Only 25% of Britons have used a generative AI tool, study shows

Only 25% of Britons have used a generative AI tool, study shows

While generative AI looks set to shake up the way we work, a new study shows that public adoption of generative AI tools remains low and daily use even lower still.

Although there has been much discussion about the way generative AI will change many aspects of how we work, the vast majority of the public has been relatively slow to adopt generative AI products into their own lives.

This is according to a recent study published this week (28 May) by Oxford University’s Reuters Institute which shows that just a quarter (25%) of the UK population has used a generative AI tool in their private lives – a figure which surprisingly falls to 20% for their professional life where many of the advantages it is said can be found.

Even fewer still use a generative AI tool as part of their day-to-day lives. Just 2% of the UK adults surveyed used ChatGPT on a daily basis with only 29% using it at least once on a monthly basis. For other generative AI tools, like Google Gemini or Microsoft Copilot, these numbers fall drastically to just 7% in both cases using it at least once on a monthly basis.

Name recognition for the large players in the AI space is much healthier with 58% of the UK population at least having heard of ChatGPT followed by a steeper drop off to 17% for Microsoft Copilot, Bing AI (also 17%) and Google Gemini (15%). Even here, though, there is a substantial 30% of the UK population that hasn’t heard of a single generative AI tool.



It is clear, too, that some popular generative AI tools, like photo creation tool Midjourney, which have a severe problem with brand recognition with just 8% of UK consumers able to recognise its name. X’s (formerly Twitter) Grok is even less known with just 4% of UK respondents having heard about it.

Perhaps unsurprisingly, there is an age split in the users of generative AI, while 56% of respondents aged 18-24 had used ChatGPT at least once, this number fell to just 16% for those aged 55+.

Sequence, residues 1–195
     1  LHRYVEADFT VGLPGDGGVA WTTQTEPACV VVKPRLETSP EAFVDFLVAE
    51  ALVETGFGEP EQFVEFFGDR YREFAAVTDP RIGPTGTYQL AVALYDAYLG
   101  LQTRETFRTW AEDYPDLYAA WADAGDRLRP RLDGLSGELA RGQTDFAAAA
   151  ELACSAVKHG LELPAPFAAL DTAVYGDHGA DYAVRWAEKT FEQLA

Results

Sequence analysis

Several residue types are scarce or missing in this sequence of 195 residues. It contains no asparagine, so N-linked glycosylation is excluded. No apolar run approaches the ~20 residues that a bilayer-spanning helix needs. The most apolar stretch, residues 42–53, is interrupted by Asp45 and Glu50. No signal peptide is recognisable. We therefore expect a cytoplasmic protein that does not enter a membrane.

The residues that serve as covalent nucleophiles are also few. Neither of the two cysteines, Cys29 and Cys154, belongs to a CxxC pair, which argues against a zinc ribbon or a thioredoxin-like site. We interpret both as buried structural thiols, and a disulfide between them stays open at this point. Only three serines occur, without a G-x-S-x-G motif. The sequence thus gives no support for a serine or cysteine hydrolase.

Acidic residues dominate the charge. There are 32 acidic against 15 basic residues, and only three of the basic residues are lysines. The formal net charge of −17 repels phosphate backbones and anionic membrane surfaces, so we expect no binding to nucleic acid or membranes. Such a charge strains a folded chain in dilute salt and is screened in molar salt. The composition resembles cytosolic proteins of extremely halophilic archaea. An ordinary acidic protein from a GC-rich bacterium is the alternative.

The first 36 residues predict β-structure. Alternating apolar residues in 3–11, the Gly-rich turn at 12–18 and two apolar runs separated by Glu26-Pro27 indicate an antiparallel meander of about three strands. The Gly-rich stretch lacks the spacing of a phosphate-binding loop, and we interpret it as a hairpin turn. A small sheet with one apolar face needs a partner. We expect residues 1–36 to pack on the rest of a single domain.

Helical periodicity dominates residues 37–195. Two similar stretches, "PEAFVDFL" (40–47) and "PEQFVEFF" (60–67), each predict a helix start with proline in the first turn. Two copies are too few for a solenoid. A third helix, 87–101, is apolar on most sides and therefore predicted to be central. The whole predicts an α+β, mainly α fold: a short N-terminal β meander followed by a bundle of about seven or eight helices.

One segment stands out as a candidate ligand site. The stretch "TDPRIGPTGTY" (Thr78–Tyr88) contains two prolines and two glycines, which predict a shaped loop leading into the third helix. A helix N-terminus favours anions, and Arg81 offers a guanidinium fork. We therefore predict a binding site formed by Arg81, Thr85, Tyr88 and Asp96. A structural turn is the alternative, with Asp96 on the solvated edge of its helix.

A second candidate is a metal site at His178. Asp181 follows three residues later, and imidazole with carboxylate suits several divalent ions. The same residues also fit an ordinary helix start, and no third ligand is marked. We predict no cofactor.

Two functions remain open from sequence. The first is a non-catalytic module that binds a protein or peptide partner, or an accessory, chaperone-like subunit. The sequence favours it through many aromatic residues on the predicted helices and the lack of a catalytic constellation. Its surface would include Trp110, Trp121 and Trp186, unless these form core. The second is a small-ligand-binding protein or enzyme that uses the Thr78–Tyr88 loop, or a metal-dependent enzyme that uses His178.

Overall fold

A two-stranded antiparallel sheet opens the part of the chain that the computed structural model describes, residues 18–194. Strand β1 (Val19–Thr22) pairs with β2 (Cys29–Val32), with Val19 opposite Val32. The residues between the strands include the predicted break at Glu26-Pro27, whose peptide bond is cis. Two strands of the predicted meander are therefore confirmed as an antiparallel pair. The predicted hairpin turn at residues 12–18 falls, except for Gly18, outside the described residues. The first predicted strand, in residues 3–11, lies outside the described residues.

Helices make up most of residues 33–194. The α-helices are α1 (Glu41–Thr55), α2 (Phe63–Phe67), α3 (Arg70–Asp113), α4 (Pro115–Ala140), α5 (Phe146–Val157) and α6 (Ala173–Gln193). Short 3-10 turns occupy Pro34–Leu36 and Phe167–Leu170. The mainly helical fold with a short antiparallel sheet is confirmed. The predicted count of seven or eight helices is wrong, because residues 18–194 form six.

The study also surveyed another five countries – USA, Denmark, France, Argentina and Japan – and found that their people’s views on AI were broadly similar. Americans are the most likely to be using generative AI in both their private lives (35%) and working lives (28%) with the Japanese the least likely to be using it both privately (23%) and professionally (12%).

Americans were also considerably more likely to have heard of a wider spread of generative AI tools than other countries, in particular, Meta AI which has 27% name recognition in the States compared to just 12% in the UK.

As to what the public is using generative AI for there is a fairly even split between using it for getting information (24%) and for creating media (28%). Within that 11% are using generative AI to answer factual questions, 9% for generating ideas and just 5% for one of the more heralded uses of the tech in data analysis.

The benefits that generative AI will have on society, though, is a somewhat mixed picture. Over two-fifths (41%) of the UK population expect generative AI to make society much or somewhat worse, with only 22% expecting it to make society better.

The impact it will have on each individual’s life is much cloudier, with a combined 54% either uncertain or don’t believe that generative AI will have any impact on how they live their lives.

None of this means, of course, that generative AI will not have an impact on the marketing industry. It undoubtedly will. But it is worth bearing in mind that the public’s excitement around the adoption of generative AI tools is comparatively muted compared to the furore of excitement seen in boardrooms across the world.

Convincing the public that it’s worth embracing will be just one of marketing’s challenges when it comes to adopting generative AI.




Leave a Reply

Tu dirección de correo electrónico no será publicada. Los campos obligatorios están marcados con *